Thursday, January 21, 2016

And the Winner Is: GEM Awards Watch Design

On January 8th, the Jewelers of America hosted its 14th Annual GEM Awards in New York City. Considered the Academy Awards of the fine jewelry industry, the event "recognizes the outstanding achievements of individuals and companies whose work raises the visibility and status of fine jewelry and watches."

The nominees for Watch Design, an inaugural achievement category at this year's ceremony were Cartier, Piaget, and Roger Dubuis. All three are exhibitors at SIHH 2016 and are part of the Richemont group, a Switzerland-based luxury goods holding company.

For this category, "Innovation in Design" and "Technical Expertise" were two of the primary criteria for the nominees' initial selection.

And the the Award goes to Cartier. 

The firm's watchmaking was recognized for its longstanding history of capturing Parisian flair in its watch forms and movements.  Case in point is the new Clé de Cartier Collection -- its shape, new house movement, and new crown which is seamlessly integrated into the watch's case.

Strapped for time, watch the Watch Design Awards Presentation segment (1:18:42-1:26:50).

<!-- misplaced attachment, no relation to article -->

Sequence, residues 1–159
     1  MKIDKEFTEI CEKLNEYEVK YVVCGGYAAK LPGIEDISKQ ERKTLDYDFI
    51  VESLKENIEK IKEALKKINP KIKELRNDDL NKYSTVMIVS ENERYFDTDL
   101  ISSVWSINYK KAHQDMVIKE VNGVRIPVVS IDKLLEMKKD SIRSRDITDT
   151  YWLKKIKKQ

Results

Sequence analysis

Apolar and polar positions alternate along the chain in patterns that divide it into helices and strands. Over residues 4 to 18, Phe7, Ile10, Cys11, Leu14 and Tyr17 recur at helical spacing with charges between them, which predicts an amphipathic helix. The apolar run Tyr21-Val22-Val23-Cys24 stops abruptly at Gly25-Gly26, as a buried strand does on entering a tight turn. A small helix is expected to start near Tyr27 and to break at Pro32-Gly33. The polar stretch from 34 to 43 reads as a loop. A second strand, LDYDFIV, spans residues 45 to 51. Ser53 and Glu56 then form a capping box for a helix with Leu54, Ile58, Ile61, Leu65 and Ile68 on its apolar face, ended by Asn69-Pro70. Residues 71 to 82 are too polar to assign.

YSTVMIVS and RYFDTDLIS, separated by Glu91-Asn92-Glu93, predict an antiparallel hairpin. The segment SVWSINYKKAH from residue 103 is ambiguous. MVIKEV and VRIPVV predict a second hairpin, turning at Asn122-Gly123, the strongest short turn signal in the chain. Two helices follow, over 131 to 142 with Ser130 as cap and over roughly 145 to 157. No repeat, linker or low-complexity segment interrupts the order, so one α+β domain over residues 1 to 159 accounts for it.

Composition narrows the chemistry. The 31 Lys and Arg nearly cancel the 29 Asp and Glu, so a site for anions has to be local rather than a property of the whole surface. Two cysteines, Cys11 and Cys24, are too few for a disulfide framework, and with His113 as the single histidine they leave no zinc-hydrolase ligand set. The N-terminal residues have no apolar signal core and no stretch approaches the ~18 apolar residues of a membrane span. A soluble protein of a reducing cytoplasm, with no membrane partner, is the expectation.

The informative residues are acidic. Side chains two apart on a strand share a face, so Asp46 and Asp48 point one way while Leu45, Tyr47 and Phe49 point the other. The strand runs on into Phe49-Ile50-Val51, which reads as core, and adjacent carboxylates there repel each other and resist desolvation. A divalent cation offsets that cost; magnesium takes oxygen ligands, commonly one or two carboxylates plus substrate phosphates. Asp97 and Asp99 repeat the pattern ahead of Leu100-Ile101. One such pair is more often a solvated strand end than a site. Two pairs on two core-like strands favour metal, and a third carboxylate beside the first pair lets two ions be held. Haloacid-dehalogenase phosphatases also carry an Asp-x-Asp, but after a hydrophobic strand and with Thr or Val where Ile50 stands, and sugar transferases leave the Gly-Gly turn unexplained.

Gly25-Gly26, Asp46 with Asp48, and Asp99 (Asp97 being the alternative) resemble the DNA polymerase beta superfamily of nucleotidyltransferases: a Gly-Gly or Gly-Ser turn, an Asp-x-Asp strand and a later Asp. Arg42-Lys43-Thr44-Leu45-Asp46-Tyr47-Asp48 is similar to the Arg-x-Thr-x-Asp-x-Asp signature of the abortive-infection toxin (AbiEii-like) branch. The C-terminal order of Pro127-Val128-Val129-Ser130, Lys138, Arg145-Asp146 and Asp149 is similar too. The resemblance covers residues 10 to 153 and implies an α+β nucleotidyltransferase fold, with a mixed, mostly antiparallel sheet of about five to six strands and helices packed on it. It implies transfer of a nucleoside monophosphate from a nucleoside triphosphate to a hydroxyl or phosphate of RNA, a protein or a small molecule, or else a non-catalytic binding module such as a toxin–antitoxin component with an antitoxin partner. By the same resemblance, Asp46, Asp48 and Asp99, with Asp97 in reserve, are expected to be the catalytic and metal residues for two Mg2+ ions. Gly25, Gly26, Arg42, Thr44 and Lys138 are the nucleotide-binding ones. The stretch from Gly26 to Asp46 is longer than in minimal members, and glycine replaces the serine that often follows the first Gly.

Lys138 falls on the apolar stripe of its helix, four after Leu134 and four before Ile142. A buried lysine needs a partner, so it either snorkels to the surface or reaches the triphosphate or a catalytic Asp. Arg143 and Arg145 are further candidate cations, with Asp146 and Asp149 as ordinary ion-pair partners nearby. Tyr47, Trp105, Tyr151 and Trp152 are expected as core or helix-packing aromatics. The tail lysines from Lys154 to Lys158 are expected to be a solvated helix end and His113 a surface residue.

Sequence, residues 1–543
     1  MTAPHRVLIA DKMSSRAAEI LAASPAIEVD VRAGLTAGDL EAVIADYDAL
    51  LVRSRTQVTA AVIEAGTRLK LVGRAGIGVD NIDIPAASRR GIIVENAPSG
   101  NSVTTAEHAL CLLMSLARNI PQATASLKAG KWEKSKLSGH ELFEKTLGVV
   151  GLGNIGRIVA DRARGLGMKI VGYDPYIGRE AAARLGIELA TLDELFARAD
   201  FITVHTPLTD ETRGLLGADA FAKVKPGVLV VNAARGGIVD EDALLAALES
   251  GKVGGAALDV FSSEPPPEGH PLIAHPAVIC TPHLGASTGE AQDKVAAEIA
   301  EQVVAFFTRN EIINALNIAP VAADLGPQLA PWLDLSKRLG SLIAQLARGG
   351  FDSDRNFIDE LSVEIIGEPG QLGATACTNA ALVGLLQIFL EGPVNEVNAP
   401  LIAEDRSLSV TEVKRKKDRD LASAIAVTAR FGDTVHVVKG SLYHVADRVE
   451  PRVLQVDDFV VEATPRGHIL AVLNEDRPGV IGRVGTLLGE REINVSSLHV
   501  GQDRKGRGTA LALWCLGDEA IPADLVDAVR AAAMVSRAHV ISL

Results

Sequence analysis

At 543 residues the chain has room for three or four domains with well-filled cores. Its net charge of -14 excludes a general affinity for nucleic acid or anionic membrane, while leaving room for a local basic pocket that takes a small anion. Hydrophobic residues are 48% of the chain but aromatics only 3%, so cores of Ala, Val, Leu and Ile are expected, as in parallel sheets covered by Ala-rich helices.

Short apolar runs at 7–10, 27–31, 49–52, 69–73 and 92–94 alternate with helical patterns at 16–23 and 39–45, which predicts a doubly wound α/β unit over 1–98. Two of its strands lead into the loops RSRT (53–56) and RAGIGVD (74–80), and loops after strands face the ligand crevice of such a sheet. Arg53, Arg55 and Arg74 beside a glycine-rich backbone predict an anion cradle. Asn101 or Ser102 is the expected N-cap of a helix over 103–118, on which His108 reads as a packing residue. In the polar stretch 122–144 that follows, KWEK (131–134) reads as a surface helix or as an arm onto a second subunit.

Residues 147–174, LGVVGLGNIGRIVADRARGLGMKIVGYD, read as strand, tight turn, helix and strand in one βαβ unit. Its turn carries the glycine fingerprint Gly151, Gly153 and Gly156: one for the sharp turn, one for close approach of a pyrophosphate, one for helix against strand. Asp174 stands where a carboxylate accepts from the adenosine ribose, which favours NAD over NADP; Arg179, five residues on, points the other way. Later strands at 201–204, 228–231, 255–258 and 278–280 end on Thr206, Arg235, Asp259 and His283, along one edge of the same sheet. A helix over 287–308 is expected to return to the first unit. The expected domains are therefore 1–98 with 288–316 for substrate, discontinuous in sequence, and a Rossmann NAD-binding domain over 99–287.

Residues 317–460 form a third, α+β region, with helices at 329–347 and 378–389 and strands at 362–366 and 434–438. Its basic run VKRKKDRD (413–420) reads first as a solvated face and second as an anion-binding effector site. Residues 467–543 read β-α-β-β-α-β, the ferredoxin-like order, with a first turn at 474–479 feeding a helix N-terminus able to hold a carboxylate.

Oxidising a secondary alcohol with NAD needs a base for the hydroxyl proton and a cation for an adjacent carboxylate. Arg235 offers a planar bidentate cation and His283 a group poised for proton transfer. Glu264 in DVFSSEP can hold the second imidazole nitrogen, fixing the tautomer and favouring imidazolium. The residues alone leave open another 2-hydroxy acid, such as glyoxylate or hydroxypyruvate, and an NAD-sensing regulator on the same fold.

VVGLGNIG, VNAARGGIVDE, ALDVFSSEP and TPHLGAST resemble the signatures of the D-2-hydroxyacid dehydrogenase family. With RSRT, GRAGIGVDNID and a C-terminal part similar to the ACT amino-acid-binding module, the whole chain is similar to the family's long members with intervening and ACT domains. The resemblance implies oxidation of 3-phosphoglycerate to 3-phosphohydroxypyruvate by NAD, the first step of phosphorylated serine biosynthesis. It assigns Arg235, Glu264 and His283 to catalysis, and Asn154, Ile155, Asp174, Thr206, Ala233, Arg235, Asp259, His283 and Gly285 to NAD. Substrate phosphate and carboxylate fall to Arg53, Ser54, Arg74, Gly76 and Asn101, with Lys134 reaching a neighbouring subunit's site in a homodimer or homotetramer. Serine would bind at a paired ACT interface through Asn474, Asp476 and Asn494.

Monday, January 18, 2016

David Bowie, Derek Boshier, and Lodger's Omega Watches

(Portions of this post can also be found on my companion blog,, Walks No. 14 and 15.

A week ago, David Bowie, rock star and so much more tragically passed away at age 69 from cancer.  Although many of his songs reflected the concept of time passing, did he have any specific connection to wristwatches?

The answer is only obliquely at best -- that being through the artifice of Bowie's friend, artist Derek Boshier.

Bowie’s concept-album Lodger (1979) contains pictures of an Omega Speedmaster Professional and an Omega Flightmaster. The images can also be found in Boshier's stunning new monograph documenting his own work, Rethink/Re-entry published in the fall of 2015.

Did Bowie select these? And if so, why?

The answer is No. According to Boshier who designed the album's inside sleeve where the Omega images appear,  “I chose them from a lot of watch pictures because I liked the double watch image and it was a good, clear photograph. It could have been other watches, by any brand. I never even knew they were Omega’s”.

Read the entire story in Paul Dezentjé's  Speedy Tuesday Fratellowatches' post (February 17, 2015),  "How a Speedmaster and Flightmaster ended up in David Bowie’s album art."

In tribute to David Bowie, I am posting a recent photograph of mine, Looking Skyward Major Tom in his memory.

© Maryhelen Raciti-Jones